Rasmus Lerdorf led OSCON attendees through a series of optimizations for modern web applications using PHP at O’Reilly’s Open Source conference today. Most programmers use default installations and configurations for their web applications and never really dig deep within their stack or their own code to optimize page load and latency. The full slides from Rasmus’s talk are available online and I recorded audio of the entire session from the front row.
Rich web applications make better use of browser user interfaces through the use of less visible round-trips to the server (through AJAX or other methods). These new interaction models place increased importance on your server’s ability to respond quickly and frequently to requests, allowing your web app to feel like a desktop app. Rasmus walked through each of the essential components of a rich web app, optimizing each step along the way with the goal of supporting 500,000 users and their 1700 requests/second as seamlessly as possible with less hardware.
Once your web application in complete Rasmus recommends using http_load to evaluate your application performance. How many requests per second can you handle? What is the latency of these requests? Your choices will reflect your app‘s ability to scale.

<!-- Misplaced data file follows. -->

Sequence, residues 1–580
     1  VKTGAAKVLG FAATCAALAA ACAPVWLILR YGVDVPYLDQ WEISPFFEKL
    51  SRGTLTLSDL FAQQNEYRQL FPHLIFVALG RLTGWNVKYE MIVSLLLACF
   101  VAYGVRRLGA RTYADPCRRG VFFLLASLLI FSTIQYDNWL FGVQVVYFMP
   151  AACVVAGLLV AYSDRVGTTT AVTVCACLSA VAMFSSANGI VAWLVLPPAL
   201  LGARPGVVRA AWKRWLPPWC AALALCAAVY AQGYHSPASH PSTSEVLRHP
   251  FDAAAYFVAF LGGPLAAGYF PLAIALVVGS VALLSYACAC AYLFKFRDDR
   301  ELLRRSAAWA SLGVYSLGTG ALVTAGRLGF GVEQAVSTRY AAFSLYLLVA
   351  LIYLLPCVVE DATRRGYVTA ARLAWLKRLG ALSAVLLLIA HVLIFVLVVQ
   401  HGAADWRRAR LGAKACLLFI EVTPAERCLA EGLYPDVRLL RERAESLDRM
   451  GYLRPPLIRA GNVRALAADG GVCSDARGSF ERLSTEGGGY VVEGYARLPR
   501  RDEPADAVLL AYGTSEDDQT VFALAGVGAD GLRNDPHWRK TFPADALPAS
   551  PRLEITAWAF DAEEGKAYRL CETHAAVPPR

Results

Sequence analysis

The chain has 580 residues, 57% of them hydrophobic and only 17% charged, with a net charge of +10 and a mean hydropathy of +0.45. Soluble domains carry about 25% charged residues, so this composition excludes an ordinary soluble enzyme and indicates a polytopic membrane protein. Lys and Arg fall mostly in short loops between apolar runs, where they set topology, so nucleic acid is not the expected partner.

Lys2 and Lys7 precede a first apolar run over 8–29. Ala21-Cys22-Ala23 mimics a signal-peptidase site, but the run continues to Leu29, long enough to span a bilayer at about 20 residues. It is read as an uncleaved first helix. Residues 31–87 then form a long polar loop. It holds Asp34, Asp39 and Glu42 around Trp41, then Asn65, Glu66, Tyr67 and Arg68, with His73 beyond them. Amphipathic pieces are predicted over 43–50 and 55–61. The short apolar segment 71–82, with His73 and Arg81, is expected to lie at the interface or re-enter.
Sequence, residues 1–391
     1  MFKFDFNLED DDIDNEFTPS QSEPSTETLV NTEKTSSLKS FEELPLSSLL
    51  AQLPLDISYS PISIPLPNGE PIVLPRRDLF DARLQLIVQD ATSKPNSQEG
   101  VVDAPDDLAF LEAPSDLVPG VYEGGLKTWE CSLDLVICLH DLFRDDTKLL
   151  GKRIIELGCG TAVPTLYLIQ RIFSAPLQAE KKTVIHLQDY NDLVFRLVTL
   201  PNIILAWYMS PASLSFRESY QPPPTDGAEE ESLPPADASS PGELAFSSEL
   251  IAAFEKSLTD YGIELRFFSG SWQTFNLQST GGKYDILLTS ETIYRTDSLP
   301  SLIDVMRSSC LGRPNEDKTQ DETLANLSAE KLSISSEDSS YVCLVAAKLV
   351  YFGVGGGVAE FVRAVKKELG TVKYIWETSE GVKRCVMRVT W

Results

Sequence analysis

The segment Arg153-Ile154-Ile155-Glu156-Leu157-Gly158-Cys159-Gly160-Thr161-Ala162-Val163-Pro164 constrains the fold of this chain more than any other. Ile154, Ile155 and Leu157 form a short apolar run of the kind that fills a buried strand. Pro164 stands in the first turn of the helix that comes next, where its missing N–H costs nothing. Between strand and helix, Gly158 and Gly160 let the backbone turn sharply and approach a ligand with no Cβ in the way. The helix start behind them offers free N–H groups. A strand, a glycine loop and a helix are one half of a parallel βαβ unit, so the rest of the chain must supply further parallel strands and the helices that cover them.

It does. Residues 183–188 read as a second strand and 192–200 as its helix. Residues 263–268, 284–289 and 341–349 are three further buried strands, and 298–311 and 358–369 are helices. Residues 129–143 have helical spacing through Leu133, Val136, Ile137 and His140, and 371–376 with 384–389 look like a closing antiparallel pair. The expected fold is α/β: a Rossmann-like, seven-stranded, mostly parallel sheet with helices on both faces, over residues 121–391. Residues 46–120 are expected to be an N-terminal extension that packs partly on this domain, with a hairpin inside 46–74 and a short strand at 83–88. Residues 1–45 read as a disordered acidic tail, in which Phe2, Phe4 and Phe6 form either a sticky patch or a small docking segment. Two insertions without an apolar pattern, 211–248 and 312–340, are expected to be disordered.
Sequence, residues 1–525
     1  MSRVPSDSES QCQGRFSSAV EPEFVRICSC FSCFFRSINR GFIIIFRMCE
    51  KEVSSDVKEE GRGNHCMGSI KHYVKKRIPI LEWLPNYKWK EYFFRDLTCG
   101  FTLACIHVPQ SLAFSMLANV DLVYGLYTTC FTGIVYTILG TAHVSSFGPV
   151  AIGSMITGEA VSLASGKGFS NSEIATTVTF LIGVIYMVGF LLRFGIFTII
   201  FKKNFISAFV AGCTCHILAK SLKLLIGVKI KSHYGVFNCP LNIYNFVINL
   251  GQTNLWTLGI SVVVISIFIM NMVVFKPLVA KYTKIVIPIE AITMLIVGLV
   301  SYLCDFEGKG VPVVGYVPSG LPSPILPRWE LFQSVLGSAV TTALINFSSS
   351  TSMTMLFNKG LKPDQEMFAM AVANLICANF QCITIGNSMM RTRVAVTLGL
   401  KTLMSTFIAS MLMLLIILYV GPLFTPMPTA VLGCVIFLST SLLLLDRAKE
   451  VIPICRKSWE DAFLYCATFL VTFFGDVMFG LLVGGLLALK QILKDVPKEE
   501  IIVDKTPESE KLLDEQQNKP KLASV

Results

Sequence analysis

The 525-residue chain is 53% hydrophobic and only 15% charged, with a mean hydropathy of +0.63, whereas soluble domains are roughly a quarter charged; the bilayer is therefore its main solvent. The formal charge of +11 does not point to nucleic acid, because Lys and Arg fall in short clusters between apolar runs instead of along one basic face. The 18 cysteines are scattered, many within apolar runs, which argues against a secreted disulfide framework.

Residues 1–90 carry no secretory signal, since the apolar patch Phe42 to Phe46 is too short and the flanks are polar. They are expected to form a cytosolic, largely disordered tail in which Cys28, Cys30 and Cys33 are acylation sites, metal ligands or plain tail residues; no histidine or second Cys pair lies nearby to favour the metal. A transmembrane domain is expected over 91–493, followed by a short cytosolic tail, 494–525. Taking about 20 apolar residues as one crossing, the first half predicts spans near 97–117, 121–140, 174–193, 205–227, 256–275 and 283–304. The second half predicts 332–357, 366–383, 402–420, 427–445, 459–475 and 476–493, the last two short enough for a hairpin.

Once you’ve grabbed some statistics it’s time to dig a bit deeper and understand which processes are responsible for the slowdown. Valgrind is an emulation tool allowing you to step through your Apache server, Zend components, and PHP wrappers to determine the pain-points in your application. You may notice unexpected processes firing off such as SSL for local database connections that are unnecessarily weighing down your app. KCachegrind is useful for visualizing these processes.
Prepared statements can be a bit slow in PHP and skip the query cache. Rasmus recommends using PDO::ATTR_EMULATE_PREPARES in PHP 5 for more optimal data access.
APC is an alternative cache allowing for better query execution. Note:
require_once don’t play nice with opcode caches right now and changing to
require. This behavior should be fixed in future versions of APC. APC has a no-stat mode and if you give it absolute paths you can skip the stat() call.You can also store PHP variables in shared memory such as your config.ini file.
PHP 5 adds better XML based on libxml2. SimpleXML is a good tool to load a full XML file and map elements. PHP 5 contains a new SOAP extension written in C and will have an Axis-based version available in a few months.
I may up a full transcript of the talk, but until then you can walk through the slides from Rasmus’s talk.